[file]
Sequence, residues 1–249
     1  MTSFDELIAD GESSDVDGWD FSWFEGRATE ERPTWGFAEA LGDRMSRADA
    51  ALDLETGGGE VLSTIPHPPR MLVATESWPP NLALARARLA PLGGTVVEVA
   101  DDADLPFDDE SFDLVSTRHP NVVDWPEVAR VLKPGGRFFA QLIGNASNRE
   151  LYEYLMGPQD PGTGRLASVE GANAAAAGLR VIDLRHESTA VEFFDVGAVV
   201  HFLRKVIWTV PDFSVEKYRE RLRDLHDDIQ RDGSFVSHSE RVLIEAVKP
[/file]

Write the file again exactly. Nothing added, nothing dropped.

Sequence, residues 1–249
     1  MTSFDELIAD GESSDVDGWD FSWFEGRATE ERPTWGFAEA LGDRMSRADA
    51  ALDLETGGGE VLSTIPHPPR MLVATESWPP NLALARARLA PLGGTVVEVA
   101  DDADLPFDDE SFDLVSTRHP NVVDWPEVAR VLKPGGRFFA QLIGNASNRE
   151  LYEYLMGPQD PGTGRLASVE GANAAAAGLR VIDLRHESTA VEFFDVGAVV
   201  HFLRKVIWTV PDFSVEKYRE RLRDLHDDIQ RDGSFVSHSE RVLIEAVKP